What the ghosts became and how they began to influence the story evolved as I wrote it, developing with the needs of the story itself.
Now, along with The Attic Tragedy, you have a second book coming out relatively soon, which you mentioned earlier: Ariadne, I Love You. What is that book about?
Ariadne, I Love You is about a washed-up rock star, his muse, and her ghost. When he travels to Australia in search of Coreen, he finds her not only dead but — worse — married. It’s a story about the stains in the present left by the sordid past, the meaning hidden in forgotten songs, the messages in a madness diary, and the thing that may — or may not — be Coreen. It’s set both in contemporary Australia, in the deep bush of New South Wales, and London in the early 2000s.
Given their close release dates, I assume you wrote them relatively close together. How do you think writing Ariadne, I Love You influenced The Attic Tragedy, and vice versa?
They are in many ways very closely linked — it was researching for one that led to the title of the other. They both have tragic protagonists, trapped on the wrong corner of an unresolvable (to them, at least) love triangle. They are both concerned to some extent with the sublimation of pain, and both have a (very) loose connection to Greek tragedy.
Despite all that, though, they were actually written years apart. I wrote the earliest drafts of Ariadne five years ago, whereas I wrote The Attic Tragedy towards the end of 2018. It’s a happy coincidence that Meerkat Press snapped them up at the same time. And the fact that they were both available to submit at that time was related more to their length than their content.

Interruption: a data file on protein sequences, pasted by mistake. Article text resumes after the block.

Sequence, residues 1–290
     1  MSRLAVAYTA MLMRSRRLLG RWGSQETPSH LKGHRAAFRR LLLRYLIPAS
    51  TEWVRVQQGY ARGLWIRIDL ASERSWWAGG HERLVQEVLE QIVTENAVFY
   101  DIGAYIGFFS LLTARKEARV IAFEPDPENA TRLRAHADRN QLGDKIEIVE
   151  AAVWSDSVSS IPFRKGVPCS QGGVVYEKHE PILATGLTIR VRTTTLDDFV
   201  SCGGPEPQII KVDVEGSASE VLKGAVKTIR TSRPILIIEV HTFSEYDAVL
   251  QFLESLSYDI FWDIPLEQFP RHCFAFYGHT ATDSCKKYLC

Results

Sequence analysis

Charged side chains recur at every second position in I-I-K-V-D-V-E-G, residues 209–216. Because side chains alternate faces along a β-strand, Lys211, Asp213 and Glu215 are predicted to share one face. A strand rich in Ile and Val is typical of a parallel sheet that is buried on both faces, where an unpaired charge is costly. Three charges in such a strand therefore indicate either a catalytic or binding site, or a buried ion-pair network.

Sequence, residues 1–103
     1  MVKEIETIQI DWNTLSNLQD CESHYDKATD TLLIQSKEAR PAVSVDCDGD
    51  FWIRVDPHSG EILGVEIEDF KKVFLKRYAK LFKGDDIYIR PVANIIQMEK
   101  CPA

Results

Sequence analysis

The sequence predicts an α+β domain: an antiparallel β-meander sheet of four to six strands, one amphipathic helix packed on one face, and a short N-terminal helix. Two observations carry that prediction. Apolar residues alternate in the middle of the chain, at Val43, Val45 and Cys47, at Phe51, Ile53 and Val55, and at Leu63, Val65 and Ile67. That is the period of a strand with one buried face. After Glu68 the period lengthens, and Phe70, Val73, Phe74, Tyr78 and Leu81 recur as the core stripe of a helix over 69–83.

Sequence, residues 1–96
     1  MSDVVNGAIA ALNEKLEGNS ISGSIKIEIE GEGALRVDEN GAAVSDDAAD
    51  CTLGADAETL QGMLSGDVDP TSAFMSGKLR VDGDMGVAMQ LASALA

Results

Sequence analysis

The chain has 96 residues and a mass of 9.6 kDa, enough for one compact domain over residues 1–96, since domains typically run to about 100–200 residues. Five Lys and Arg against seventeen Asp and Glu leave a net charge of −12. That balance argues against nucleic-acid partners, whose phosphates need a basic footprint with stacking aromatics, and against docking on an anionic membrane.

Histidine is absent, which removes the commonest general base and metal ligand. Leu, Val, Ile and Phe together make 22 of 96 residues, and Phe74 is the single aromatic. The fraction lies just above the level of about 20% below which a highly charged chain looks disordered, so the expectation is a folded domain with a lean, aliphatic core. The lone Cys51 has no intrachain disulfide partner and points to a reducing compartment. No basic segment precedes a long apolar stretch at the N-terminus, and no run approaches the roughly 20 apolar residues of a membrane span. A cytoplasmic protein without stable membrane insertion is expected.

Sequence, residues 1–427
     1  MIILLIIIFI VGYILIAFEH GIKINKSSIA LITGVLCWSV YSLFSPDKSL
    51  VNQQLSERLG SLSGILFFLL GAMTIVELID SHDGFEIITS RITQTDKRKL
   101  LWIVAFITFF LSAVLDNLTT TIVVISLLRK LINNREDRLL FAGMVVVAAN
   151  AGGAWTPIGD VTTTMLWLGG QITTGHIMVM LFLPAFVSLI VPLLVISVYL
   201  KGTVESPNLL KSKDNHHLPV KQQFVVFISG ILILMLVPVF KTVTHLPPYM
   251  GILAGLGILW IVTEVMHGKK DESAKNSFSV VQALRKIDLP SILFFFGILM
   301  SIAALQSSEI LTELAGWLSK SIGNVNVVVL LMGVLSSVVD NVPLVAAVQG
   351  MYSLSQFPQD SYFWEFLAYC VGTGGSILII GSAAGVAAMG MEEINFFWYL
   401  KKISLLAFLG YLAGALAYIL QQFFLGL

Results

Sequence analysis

You said earlier that The Attic Tragedy was not consciously influenced by any movies, TV shows, or video games. But has there been any interest in adapting The Attic Tragedy into a movie, show, or game?
It’s only been out a few weeks, so give it time. Of course, it would be terribly exciting if someone was interested in making a film of The Attic Tragedy. I didn’t write it with that in mind, though. It’s too short for a TV series. And, frankly, it would make a terrible game.
And if someone did want to make The Attic Tragedy into a movie, who would you want them to cast as Sylvie, George, and the other main characters?
This is a hard question for me to answer, I’m afraid. I just can’t imagine these characters as anyone but themselves.
Finally, if someone enjoys The Attic Tragedy, what ghost story of someone else’s would you suggest they read while waiting for Ariadne, I Love You to come out?
I would suggest they read Peripheral Visions: The Collected Ghost Stories by the unparalleled Australian horror author, Robert Hood. No one has written so widely — and so weirdly — in the terrain of the ghost story. This collection of his supernatural horror tales is essential reading. It’s also enormous. It will easily keep you going into the new year.